Monetary Donations - When writing to inmates you should be on guard should you ever receive what appears to be a form letter requesting money. The institutions provide all basic needs of living to inmates. In most cases, even educational programs are free to inmates. Donating money is a decision that can only be made by you. If the inmate is requesting a donation for something that seems unusual, please contact us before sending money and we will address any concerns you have. A large amount of money for an inmate would typically be anything over $40.00 or so. There have been some reports of inmates claiming that they need money before they are allowed to be released and also for expensive educational programs. Do not send money in these cases.

Postal Scams Targeting Inmates

Legal Scams - Attorneys (or people misrepresenting themselves as attorneys) promising sentence reductions in exchange for large sums of cash have been sprouting up, and many family members of inmates have been duped in these scams. The range of money is typically in the thousands. If you receive such a notice or suspect fraud, be sure to report it to the appropriate authorities.

Photo Scam - This is a common scam attempted by people in the free world, which usually targets male inmates. Females write to an inmate and initiate conversation. In the letters to follow, they will express their desire to send photos, but state that they don't have the funds to pay for them. They will offer to send photos to the inmates if the inmates are willing to pay for them. Most inmates who send a money order in this case never receive photos or further correspondence from these people. They have completed their scam and have moved on to their next victim.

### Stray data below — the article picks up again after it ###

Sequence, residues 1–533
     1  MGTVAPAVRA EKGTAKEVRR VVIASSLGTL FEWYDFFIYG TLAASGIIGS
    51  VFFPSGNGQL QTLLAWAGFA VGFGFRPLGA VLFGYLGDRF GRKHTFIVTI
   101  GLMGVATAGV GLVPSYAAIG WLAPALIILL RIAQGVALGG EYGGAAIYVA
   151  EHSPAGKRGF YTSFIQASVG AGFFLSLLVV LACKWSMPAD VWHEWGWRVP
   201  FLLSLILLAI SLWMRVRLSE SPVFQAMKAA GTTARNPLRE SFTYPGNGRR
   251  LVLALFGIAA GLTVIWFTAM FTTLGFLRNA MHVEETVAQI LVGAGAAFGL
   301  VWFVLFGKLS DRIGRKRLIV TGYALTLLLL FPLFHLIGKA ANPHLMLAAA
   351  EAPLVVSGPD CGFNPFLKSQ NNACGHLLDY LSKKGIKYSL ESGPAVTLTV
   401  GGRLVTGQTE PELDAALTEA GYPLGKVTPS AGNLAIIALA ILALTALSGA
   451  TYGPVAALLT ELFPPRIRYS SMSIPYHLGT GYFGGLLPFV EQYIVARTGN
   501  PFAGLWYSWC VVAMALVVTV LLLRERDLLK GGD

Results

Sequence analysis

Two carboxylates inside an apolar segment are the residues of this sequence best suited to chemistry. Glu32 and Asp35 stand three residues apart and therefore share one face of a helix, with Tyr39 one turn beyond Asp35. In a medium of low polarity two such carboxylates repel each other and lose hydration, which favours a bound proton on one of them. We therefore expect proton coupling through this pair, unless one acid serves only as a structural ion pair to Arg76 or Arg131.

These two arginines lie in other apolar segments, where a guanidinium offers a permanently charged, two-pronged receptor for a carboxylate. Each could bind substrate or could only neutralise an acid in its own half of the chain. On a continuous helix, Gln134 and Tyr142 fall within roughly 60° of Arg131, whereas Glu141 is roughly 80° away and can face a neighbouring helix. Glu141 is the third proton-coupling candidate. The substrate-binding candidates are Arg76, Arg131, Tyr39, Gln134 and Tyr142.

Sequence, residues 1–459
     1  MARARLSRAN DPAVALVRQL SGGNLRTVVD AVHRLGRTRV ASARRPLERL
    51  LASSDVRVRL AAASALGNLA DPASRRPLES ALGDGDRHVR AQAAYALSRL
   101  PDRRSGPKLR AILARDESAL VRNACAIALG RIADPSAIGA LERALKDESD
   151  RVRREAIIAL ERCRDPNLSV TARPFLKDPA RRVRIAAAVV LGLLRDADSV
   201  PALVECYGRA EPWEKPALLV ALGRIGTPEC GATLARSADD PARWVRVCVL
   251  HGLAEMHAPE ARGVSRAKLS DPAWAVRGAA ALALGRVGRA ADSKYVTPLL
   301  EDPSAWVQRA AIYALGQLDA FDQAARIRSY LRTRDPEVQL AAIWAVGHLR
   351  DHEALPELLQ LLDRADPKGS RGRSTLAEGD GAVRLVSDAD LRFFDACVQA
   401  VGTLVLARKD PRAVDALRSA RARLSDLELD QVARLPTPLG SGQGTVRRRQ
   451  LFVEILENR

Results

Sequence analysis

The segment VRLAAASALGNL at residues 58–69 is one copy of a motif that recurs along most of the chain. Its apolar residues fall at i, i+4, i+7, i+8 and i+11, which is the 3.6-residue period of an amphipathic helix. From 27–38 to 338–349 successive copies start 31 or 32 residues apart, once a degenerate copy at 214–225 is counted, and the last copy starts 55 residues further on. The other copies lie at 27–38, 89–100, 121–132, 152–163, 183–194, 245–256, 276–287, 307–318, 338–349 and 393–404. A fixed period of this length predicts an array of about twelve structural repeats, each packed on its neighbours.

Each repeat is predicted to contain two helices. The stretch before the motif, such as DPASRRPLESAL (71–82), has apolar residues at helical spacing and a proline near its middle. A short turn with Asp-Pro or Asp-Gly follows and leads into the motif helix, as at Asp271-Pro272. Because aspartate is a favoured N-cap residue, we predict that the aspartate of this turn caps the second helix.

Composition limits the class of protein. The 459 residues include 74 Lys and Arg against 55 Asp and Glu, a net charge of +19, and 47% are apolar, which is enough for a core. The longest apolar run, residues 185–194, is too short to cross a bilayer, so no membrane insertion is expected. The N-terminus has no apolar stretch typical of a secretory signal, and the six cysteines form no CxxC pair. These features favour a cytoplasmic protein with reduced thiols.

"Nigerian Oil Scams" - This has been the term coined by the media for emails, letters and faxes sent to unsuspecting citizens, in most cases from supposed members of royal families. They will usually involve a very drawn out explanation regarding why they have solicited your aid. As the scam progresses, the Nigerians request blank, signed business letterhead and invoices; bank account numbers; bank addresses, phone and fax numbers; and money to cover transaction expenses. Please note that these scams are not exclusive to Nigeria. They come from all over the world.

Some indicators that are warnings of a probable scam include:

  1. Any offer of a substantial percentage of a large sum of money to be transferred into your account, in return for your "discretion" or " confidentiality";
  2. Any deal that seems too good to be true;
  3. Requests for signed and stamped, blank letterhead or invoices, or for bank account information;
  4. Requests for urgent air shipment, accompanied by an instrument of payment whose genuineness cannot immediately be established;
  5. Solicitation letters claiming the soliciting party has personal ties to high Nigerian officials;
  6. Requests for payment in U.S. dollars, in advance, of transfer taxes or incorporation fees;
  7. Statements that your name was provided to the soliciting party either by someone you do not know or by "a reliable contact;"
  8. Promises of advance payment for services to be provided to the Nigerian government;
  9. Claims that a Nigerian visa is not necessary or that arrival in Nigeria should be overland from a neighboring country;
  10. Resistance by these Nigerian "partners" to your desire to check in with the U.S. Embassy;
  11. Any offer to supply crude oil; and
  12. Any offer of a charitable donation.

The indicators listed above are some of the most common and reliable hallmarks of scam operations. Scams may include one, some, or all of the above. The list is not all-inclusive, and scam operators are constantly weaving new elements into their schemes. It is recommended that you never disclose personal information (account numbers, etc.) via postal mail, which could put you in jeopardy.

* Seeking money under false pretenses via the postal mail is also a federal crime. This can also be reported by filling out this form. Again, documentation is mandatory for any of these complaints to be pursued.